On the mobilization of domestic resources in oil countries
The role of historical factors
This paper investigates the sources of variability in the mobilization of domestic tax revenue in oil-producing countries. It argues that the type of natural resources exploited during colonial rule can affect the contemporary levels of domestic tax revenue in oil countries.
We test this conjecture by regressing non-oil tax revenue on a proxy of extractive capacity, which is the distance between the date of the beginning of oil production and the date of a country’s political independence.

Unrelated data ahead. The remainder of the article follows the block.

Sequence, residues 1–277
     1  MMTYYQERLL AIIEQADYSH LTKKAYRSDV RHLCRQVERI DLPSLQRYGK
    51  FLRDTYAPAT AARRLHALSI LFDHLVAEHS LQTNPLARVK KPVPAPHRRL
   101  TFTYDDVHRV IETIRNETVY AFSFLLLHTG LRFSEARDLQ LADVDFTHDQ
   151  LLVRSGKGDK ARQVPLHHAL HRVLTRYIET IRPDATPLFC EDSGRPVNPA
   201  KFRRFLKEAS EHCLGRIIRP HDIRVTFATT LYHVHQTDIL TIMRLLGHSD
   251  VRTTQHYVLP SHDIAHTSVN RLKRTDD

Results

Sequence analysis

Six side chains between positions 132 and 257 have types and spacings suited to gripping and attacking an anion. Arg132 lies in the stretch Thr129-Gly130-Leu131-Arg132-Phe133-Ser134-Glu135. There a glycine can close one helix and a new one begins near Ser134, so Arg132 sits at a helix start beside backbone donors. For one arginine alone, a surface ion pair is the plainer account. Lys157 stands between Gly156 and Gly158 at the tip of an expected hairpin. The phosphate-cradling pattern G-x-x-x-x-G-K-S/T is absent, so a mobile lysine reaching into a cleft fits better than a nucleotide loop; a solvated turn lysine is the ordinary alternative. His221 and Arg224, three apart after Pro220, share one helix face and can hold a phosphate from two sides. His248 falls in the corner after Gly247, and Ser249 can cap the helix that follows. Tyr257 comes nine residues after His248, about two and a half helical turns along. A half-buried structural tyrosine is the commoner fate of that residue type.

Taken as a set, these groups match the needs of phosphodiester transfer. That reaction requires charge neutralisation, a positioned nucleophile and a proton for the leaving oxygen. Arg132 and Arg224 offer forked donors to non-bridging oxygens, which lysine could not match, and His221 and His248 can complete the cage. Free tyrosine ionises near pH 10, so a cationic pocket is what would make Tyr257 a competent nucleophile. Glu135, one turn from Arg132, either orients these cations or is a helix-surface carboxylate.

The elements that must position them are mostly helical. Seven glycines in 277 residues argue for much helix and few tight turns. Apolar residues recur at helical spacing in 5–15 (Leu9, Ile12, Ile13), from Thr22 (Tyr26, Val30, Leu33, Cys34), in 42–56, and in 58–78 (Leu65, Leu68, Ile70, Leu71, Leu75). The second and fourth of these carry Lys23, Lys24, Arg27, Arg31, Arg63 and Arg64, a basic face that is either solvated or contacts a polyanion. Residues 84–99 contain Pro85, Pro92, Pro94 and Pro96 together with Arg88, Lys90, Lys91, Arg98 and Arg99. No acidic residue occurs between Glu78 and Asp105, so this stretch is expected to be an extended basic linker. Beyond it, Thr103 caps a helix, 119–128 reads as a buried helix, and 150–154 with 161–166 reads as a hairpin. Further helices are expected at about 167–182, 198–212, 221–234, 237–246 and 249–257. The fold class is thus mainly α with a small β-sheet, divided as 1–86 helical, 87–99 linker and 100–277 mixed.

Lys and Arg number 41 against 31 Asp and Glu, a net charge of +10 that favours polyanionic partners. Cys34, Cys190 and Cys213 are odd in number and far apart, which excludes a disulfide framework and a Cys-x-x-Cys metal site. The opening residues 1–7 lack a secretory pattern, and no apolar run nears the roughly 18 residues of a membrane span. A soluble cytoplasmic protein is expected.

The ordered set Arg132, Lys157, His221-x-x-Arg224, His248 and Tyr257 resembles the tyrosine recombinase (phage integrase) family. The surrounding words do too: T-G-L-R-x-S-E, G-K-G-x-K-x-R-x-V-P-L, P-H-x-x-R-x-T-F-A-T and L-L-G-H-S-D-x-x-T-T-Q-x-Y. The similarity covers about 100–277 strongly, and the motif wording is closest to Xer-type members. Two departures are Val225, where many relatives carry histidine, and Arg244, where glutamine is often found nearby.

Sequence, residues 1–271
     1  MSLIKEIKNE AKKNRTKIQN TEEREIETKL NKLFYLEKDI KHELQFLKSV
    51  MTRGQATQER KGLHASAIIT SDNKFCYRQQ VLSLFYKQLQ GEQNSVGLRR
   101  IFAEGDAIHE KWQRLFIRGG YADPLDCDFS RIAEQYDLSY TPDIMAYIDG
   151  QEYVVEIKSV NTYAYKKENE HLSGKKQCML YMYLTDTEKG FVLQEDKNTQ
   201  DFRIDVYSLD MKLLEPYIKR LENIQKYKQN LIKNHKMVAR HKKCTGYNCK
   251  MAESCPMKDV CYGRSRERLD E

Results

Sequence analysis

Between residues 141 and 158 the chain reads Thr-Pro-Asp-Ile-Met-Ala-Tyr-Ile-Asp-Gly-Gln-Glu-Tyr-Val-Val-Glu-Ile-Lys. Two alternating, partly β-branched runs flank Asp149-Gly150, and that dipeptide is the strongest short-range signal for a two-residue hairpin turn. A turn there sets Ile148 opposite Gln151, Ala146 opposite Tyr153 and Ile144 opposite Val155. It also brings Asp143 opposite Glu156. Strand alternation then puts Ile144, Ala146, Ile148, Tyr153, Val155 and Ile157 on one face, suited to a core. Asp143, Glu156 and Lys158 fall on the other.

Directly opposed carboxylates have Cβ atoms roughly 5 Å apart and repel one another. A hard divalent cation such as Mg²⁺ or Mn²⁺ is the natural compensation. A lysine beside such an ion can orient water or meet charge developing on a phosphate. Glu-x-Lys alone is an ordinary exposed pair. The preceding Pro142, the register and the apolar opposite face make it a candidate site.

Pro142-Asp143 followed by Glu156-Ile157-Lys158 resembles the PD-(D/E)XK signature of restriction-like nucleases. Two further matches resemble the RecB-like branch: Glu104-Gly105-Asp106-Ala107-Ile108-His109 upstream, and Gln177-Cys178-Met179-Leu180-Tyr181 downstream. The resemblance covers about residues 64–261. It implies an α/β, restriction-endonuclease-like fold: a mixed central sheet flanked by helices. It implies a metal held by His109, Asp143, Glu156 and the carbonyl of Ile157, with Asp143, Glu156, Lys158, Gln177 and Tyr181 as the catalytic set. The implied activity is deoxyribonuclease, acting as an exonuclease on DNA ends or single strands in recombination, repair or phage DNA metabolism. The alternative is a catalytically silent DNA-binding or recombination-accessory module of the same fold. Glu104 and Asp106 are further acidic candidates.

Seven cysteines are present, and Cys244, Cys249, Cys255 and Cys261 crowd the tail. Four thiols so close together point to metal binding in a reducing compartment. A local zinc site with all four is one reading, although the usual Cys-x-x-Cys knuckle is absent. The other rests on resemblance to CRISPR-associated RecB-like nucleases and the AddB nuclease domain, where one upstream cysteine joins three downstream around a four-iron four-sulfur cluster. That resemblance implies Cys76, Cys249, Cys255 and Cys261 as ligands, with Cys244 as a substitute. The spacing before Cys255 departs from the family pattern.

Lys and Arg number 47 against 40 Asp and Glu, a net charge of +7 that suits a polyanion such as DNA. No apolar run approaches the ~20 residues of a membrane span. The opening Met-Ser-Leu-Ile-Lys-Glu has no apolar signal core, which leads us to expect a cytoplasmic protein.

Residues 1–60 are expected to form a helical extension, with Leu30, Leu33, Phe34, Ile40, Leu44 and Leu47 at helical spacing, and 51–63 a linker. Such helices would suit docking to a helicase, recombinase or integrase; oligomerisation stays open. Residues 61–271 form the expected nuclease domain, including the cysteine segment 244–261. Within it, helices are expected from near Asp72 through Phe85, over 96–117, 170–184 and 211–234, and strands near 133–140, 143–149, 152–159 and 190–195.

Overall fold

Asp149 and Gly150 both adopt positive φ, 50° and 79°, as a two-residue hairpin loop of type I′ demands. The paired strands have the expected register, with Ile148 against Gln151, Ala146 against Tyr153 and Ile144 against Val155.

The results show that this proxy of extractive capacity positively affects the non-oil tax revenue of oil-producing countries, and these results are robust to various sensitivity checks. The persistence of the pre-existing extractive institutions as well as their subsequent privileged position explain why the elites have no interest in changing this scenario.